In the past six months, the way we live and work has changed beyond recognition. To put it simply – life on earth has gone online. The change was not gradual but happened seemingly overnight. Almost everything is different now, from the way we conduct relationships,
work or even do our grocery shopping. Changes of the same order of magnitude can be found in the cyber arena.
The new normal has created challenges alongside opportunities. Infrastructure changes made by companies to allow remote access have also required threat actors to adapt to a hybrid world that integrates cloud technologies. In addition, the rapid spread of the
corona virus and global research efforts to find a vaccine have created new phishing options and made medical research institutions a sought-after target for criminal and state actors.
We will address these effects and more aspects of the threat landscape, while providing examples and statistics of real world events.
Here are some of the cyber attacks trends we discuss:
Ransomware actors have adopted a new strategy; in addition to making the victim’s files inaccessible, they now exfiltrate large quantities of data prior to its encryption in the final stage of the attack. Victims who refuse payment demands find their most sensitive data publicly displayed on dedicated websites.
Nation-state cyber activity has seen a surge in intensity and escalation in severity. In times when traditional tactics to gather intelligence and knowledge are no longer feasible due to social distancing, the use of offensive cyber weapons to support national missions appears to have expanded. The goal may be better understanding of the Corona virus or securing intelligence operations, and countries and industries are the targets.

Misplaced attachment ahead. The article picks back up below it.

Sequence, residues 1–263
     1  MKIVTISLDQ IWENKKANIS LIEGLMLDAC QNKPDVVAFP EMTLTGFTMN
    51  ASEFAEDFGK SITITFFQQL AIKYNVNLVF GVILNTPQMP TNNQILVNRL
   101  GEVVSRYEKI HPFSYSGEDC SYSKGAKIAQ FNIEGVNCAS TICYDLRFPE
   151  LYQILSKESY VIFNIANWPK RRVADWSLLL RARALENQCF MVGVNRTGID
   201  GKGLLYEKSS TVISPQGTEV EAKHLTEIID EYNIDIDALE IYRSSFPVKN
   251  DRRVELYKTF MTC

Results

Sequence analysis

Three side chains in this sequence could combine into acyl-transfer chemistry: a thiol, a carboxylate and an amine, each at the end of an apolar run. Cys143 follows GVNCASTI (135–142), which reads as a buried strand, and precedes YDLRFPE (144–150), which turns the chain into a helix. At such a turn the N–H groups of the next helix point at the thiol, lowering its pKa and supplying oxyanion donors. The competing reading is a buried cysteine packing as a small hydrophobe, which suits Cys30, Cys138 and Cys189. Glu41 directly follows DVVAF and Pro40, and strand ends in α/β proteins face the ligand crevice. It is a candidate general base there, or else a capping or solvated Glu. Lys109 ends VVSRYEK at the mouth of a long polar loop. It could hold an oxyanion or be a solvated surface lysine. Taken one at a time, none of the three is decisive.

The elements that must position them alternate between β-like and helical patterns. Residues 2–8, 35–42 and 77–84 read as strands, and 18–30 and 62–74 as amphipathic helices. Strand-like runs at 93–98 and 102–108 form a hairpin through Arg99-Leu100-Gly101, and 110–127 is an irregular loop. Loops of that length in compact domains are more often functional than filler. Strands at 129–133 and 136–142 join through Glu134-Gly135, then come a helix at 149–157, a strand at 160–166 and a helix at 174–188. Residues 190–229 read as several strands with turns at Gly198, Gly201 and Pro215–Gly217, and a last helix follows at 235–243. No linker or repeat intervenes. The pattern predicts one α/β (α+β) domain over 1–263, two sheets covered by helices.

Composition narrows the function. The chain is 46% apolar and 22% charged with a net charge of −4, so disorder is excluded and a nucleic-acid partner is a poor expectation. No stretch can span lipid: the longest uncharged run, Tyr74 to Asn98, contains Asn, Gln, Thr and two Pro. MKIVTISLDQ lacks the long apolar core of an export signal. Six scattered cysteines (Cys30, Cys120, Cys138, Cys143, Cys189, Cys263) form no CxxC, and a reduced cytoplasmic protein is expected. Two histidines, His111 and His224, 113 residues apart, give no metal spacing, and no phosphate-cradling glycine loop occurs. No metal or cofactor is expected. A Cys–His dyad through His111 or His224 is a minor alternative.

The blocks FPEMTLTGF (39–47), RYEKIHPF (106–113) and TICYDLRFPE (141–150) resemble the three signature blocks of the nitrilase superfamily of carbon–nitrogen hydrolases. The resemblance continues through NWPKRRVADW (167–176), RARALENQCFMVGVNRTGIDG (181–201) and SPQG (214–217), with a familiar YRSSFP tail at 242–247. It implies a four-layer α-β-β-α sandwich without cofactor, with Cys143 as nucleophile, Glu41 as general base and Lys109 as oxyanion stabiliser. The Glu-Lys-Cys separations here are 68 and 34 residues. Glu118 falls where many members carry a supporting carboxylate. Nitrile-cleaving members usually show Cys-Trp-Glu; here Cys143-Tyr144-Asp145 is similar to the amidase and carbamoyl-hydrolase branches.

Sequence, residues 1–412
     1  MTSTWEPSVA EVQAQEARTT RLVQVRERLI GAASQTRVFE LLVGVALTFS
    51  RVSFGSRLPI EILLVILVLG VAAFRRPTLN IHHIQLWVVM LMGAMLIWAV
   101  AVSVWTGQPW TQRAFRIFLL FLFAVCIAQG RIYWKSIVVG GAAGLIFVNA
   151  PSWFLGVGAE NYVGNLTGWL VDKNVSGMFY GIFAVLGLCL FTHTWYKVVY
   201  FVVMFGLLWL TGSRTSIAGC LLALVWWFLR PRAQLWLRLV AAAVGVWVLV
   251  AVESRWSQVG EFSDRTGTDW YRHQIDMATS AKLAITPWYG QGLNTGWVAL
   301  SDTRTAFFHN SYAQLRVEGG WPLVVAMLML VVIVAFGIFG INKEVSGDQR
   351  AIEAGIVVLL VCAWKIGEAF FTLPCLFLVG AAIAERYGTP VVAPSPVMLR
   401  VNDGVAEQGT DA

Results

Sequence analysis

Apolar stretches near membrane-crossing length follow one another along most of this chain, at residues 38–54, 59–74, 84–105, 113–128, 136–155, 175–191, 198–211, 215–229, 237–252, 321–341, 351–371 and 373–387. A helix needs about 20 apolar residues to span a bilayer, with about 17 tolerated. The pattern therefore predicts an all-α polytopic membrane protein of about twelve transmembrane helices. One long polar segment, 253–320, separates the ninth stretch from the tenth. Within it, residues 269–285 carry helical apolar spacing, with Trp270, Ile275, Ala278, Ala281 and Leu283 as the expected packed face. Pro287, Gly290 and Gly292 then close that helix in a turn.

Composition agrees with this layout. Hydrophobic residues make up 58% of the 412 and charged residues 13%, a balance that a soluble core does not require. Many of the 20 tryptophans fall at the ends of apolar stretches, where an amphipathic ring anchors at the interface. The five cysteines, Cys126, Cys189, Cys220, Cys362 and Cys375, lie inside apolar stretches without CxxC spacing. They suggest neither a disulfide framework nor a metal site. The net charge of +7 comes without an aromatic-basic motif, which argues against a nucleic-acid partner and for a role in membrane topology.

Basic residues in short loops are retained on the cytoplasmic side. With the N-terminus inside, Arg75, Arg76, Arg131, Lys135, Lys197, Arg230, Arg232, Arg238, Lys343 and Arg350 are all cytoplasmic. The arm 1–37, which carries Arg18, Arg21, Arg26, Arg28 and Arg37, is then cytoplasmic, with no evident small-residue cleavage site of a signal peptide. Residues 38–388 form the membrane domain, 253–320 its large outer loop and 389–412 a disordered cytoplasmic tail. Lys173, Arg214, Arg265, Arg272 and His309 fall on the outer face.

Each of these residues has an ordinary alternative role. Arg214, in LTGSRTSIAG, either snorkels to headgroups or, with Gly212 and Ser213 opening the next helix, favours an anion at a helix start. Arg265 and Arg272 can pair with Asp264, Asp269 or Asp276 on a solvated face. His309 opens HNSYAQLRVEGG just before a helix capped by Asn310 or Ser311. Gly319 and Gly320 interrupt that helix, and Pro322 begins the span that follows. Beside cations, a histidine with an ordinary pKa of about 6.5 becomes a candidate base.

Threat actors have been seeking new infection vectors in the mobile world, changing and improving their techniques to avoid detection in places such as the official application stores. In one innovative attack, threat actors used a large international corporation’s Mobile Device Management (MDM) system to distribute malware to more than
75% of its managed mobile devices.
Industries were required to make rapid infrastructure adjustments to secure their production when working remotely. In many cases, this would not have been possible without cloud technologies. However, it also exposed more misconfigured or simply unprotected assets to the internet. In addition, for the first time, alarming vulnerabilities
were revealed in Microsoft Azure infrastructure that could enable invaders to escape VM infrastructure and compromise other customers.
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